Why are fleas still alive after treatment?

Why does flea-treating a pet sometimes not seem to work? Is the product not doing what it should, or are fleas ‘immune’ to the product? Our pet experts know exactly what’s going on here and have the answers pet parents need. Spoiler alert: seeing fleas alive after treatment doesn’t mean it’s not working. Phew!

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How quickly do fleas die after treatment?

That depends on the product – take a look at the product packaging or leaflet for specific details. FRONTLINE PLUS® and FRONTLINE® SPOT ON kill fleas within 24 hours of them arriving on the pet, while FRONTLINE TRI-ACT® kills fleas within 6 hours of them jumping on a dog. There are a couple of key things to remember, whichever treatment you’ve used.


Flea products never kill fleas instantly

The flea has to come into contact with the ingredient, absorb it and then start to feel the effects. It’s a little like catching a cold – time elapses between us having contact with a cold virus and then becoming ill.


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No product stops fleas from jumping onto pets

This means that, regardless of which flea treatment is used, we may still see new fleas on our pets before the flea treatment kills them. So, even if the treatment kills all fleas on a pet within 24 hours, for example, the next day new hitchhiker fleas could jump onto the pet. These new arrivals will themselves take up to 24 hours to be killed. And so on, every time a pet goes into an area where fleas are present. The important thing is that these newly arriving fleas are being killed by the treatment.

Why am I still seeing fleas days after treatment?

There are two other reasons for this. 

One is that some flea treatments make fleas more active before they die. For example, the ingredient in FRONTLINE® products kills fleas by making them hyper excited. This makes them move around up to the top of the pet’s hair where they’re easier to spot. So, seeing fleas more after treatment is a sign the product is working, strange as that might sound.

The other reason is, as mentioned above, fleas will still jump on our pets from an infested environment. So, if our pets go somewhere that’s scattered with flea life stages – such as gardens, parks or even our homes if there’s an infestation going on – new fleas will keep jumping on the pet. But don’t worry, these new arrivals will keep being killed as long as the pet is treated.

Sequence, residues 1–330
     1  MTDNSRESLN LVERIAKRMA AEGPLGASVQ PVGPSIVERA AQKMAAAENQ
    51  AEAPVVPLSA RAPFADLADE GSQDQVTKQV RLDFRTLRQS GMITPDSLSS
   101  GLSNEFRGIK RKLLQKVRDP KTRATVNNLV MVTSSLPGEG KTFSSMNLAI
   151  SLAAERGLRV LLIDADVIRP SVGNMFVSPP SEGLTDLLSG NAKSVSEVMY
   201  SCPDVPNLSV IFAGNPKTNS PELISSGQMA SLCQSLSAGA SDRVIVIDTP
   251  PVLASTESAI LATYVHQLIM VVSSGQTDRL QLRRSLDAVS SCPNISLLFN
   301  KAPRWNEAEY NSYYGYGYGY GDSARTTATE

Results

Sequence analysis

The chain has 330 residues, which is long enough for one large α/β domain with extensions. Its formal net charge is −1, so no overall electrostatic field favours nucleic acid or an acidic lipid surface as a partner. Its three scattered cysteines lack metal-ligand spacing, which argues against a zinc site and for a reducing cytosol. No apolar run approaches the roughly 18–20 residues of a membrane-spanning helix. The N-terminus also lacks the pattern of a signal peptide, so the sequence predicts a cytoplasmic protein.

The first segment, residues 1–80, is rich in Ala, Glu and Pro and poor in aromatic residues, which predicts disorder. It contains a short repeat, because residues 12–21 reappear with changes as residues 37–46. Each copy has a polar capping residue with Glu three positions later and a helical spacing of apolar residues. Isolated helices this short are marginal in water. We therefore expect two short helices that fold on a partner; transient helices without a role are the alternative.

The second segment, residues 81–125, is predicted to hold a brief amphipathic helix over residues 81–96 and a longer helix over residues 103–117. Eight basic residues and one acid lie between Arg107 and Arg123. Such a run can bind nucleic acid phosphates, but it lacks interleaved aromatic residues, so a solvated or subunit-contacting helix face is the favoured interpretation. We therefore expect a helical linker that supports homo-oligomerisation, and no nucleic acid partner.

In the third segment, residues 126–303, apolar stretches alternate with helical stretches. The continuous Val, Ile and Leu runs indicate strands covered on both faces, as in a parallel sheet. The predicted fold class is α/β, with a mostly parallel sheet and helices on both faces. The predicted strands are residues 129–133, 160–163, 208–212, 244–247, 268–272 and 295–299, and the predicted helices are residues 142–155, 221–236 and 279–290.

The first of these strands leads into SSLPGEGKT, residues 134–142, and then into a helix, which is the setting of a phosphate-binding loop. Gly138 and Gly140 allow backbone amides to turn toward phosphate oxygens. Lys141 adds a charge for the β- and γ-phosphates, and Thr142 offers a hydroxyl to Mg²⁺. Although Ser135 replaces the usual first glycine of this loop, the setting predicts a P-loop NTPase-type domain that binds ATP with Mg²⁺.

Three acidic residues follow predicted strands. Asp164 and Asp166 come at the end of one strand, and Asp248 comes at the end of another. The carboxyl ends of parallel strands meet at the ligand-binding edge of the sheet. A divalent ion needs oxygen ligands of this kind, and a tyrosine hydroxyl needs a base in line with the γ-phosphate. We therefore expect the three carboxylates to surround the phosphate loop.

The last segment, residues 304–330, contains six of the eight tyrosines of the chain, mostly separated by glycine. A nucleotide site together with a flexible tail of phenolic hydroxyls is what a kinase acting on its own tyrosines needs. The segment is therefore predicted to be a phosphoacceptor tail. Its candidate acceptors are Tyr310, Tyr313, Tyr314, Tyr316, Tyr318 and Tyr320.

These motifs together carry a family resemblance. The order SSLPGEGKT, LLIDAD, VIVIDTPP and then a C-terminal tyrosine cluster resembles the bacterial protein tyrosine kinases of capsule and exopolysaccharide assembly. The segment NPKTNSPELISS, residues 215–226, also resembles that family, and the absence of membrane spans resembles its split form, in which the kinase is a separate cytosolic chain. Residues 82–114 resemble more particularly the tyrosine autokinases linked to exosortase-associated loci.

The fleas on a pet are just 5% of the problem.

95% are in the environment as flea eggs, larvae and pupae.


How long does it take to solve a flea infestation?

  • Even when using the best products, it can take up to three months of diligent treatment of both our pets and our homes before gaining the upper hand over fleas

  • This is because of the flea life cycle and the amount of flea life stages (like eggs, larvae and pupae) in the pet’s environment

  • Female fleas on a pet can lay up to 50 eggs a day each. These eggs fall off wherever our pets go, before developing into flea larvae and then pupae

  • There’s no product that can kill pupae, so while we can use household sprays like FRONTLINE HOMEGARD® around the home to kill adult fleas, flea eggs and flea larvae, we have to wait for all the pupae to develop into new adult fleas before the infestation is truly over

  • This can take a few weeks or up to three months, depending on factors like heat and humidity, and the amount of CO2 and vibrations from us and our pets

  • By treating our pets and taking the right steps to get rid of a flea infestation, we’re doing all we can to gain control of the infestation. So, hang in there!

One last thing to remember

Seeing fleas after treatment isn’t really about how long it takes for flea treatment to work or for fleas to die. It’s about the number of life stages in the pet’s environment that develop into new fleas and jump on a pet. That’s why regular flea prevention for dogs and cats at the correct treatment interval is important.

This helps our pets stay healthy and it helps stop flea infestations from developing – a win-win for us pet parents and our furry family members.

Get answers from the experts

Got a question about fleas, ticks or worms? We can help! Take a look at our FAQs or send us a message.

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